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Link Between Early Learning Goals in EYFS and Later School Absence – Research

A recent study has revealed that children who fail to meet the Early Learning Goals (ELGs) at the end of the Early Years Foundation Stage (EYFS) are more than twice as likely to become persistently absent from school.

The research, conducted by Leeds University’s School of Psychology and the Born in Bradford Centre for Applied Education Research, analysed data from 62,598 children aged five to thirteen in the Bradford district. This alarming correlation suggests the foundations of school absenteeism are established in early childhood, with significant implications for educational and policy frameworks.

Absenteeism in UK schools has become a pressing concern for educators and policymakers alike. Data from the 2022/23 autumn term revealed that nearly a quarter of all pupils missed at least 39 half-day sessions, marking them as ‘persistent absentees’ with attendance below 90%. This growing trend, dubbed by some researchers as a ‘school absence epidemic,’ has far-reaching consequences for both the academic and social development of children.

A recent study spearheaded by researchers at Leeds University and the Born in Bradford Centre delves into the early indicators of this issue. The study focuses on the relationship between achieving Early Learning Goals (ELGs) at the end of the Early Years Foundation Stage (EYFS) and subsequent school attendance records. The findings underscore the critical importance of early childhood education in predicting and potentially mitigating future absenteeism.

The Scope of the Study

The comprehensive analysis included data from 62,598 children, aged five to thirteen, across the Bradford district. Researchers utilised EYFS Profile assessments, which are administered at the end of the academic year when children turn five. These assessments measure school readiness using a three-point scale (emerging, expected, exceeding) across seven areas of learning and development. Children who score ’emerging’ in any area are considered not ‘school ready.’

Key Findings

The research findings were stark: 67% of persistent absentees, defined as those with attendance below 90%, had not met their ELGs. In contrast, only 33% of children who met their ELGs were persistently absent. These statistics suggest a strong link between early educational achievements and later school attendance patterns.

Implications for School Readiness

The study indicates that school readiness, as measured by the EYFS Profile, can be a crucial predictor of future absenteeism. Lead author Dr Megan Wood highlighted the multifaceted role of schools in fostering academic, emotional, social, and physical development. She stressed that the growing trend of absenteeism, exacerbated by the pandemic, denies children these critical opportunities.

Socioeconomic and Ethnic Factors

The research also delved into the socioeconomic and ethnic dimensions of absenteeism. Socioeconomic status, particularly eligibility for free school meals, emerged as a significant risk factor. Additionally, the study found ethnic disparities, with children of Pakistani heritage showing significantly lower odds of becoming persistent absentees compared to White British children.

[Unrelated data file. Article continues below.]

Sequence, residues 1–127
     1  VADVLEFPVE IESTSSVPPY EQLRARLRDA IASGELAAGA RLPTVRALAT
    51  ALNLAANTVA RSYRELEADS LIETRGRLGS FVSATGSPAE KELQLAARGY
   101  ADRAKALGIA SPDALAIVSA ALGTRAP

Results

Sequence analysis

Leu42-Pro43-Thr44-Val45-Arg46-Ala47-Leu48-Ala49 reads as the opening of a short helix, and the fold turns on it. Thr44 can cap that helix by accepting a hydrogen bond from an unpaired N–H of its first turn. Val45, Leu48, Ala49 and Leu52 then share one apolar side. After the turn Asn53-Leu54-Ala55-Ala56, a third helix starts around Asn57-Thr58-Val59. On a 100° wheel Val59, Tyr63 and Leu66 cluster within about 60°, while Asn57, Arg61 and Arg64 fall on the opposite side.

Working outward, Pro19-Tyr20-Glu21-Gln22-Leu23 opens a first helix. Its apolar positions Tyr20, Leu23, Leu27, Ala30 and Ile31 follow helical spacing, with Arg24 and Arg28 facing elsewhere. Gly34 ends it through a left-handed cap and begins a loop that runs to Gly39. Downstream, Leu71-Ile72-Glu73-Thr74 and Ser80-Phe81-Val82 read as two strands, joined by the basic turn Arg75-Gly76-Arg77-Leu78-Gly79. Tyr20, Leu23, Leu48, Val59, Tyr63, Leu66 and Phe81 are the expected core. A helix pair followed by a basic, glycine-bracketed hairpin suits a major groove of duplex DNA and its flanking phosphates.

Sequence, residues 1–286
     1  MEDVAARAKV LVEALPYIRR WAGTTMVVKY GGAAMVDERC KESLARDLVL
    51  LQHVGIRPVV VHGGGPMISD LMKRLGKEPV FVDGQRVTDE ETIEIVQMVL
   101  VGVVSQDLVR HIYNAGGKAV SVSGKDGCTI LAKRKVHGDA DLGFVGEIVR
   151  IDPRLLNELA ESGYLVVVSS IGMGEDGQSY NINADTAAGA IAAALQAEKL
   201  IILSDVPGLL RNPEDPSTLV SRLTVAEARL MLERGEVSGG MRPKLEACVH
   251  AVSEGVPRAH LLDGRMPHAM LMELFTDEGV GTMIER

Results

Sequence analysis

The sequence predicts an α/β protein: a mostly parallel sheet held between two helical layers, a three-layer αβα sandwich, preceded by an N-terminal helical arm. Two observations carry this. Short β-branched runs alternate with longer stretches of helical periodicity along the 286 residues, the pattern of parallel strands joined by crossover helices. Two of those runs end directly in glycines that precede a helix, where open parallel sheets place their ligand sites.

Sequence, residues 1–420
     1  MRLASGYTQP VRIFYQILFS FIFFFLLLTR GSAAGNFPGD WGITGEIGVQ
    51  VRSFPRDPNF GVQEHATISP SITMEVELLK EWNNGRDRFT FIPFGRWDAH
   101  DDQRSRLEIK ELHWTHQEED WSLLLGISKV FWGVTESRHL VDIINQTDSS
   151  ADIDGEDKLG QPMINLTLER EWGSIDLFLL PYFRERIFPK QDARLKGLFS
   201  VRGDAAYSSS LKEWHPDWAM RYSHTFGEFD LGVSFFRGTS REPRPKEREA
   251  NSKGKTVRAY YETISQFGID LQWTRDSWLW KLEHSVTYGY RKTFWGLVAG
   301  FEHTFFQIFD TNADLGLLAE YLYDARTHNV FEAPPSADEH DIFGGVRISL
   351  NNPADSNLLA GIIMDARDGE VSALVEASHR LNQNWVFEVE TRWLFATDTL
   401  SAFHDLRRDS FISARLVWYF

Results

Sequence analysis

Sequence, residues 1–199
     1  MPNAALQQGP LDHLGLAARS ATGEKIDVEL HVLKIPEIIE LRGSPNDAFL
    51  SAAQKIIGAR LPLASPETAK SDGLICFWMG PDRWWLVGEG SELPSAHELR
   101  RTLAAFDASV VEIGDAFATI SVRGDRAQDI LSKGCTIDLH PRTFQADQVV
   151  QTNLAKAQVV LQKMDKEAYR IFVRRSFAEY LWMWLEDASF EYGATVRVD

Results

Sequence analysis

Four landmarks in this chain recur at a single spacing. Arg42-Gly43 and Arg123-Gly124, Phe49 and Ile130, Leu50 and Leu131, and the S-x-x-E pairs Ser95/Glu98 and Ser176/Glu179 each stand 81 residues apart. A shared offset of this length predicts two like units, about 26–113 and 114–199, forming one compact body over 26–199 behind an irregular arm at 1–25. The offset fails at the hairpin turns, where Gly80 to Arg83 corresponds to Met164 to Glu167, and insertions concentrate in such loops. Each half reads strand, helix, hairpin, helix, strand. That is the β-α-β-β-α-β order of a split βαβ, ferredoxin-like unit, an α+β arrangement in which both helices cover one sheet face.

Parental Engagement and Underlying Needs

Potential explanations for the link between school readiness and absenteeism include varying levels of parental engagement. Engaged parents tend to better prepare their children for school, fostering a more enthusiastic approach to learning. This engagement often continues throughout the child’s educational journey, contributing to regular attendance.

Conversely, children not meeting ELGs may have unmet underlying needs, such as neurodivergence or mental health issues, making school a challenging environment. Addressing these needs early could be key to improving attendance rates.

Policy and Educational Responses

Co-author Professor Mark Mon-Williams emphasized the long-term implications of school absence for the UK’s future workforce and overall health. He called for early identification of at-risk children and tailored, evidence-based interventions to address the root causes of absenteeism.

The study’s publication in the Royal Society Open Science Journal advocates for a proactive approach to education policy, focusing on early childhood development as a determinant of later academic and social success.

This research highlights the critical role of early childhood education in shaping long-term school attendance patterns. Children who do not meet their Early Learning Goals are significantly more likely to become persistent absentees, with socioeconomic status and parental engagement playing pivotal roles. The findings call for early interventions and a tailored approach to addressing absenteeism, emphasising the need to support children from the outset of their educational journey.

“School is where children develop and flourish, academically, emotionally, socially, and physically. How0ever, as a society, we are edging towards a school absence epidemic.”

– Dr Megan Wood

For educators and policymakers, these findings underscore the importance of early interventions and support systems. Ensuring every child meets their Early Learning Goals can pave the way for better attendance and brighter futures. Let’s work together to address this growing crisis before it’s too late.

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